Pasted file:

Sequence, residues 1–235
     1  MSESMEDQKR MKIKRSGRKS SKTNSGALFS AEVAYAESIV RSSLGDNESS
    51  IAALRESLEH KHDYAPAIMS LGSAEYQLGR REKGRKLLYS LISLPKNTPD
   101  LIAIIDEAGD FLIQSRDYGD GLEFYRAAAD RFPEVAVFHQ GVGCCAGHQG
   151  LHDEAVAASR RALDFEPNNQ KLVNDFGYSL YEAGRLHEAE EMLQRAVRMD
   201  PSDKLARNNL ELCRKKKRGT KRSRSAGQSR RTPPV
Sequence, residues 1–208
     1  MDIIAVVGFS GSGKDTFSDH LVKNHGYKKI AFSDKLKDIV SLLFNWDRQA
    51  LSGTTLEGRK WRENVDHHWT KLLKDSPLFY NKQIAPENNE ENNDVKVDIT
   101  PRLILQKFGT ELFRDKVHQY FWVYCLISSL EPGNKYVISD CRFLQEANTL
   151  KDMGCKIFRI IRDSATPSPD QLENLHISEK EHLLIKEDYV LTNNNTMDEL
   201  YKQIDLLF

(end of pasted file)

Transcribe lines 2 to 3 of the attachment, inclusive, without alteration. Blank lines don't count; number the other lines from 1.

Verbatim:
     1  MSESMEDQKR MKIKRSGRKS SKTNSGALFS AEVAYAESIV RSSLGDNESS
    51  IAALRESLEH KHDYAPAIMS LGSAEYQLGR REKGRKLLYS LISLPKNTPD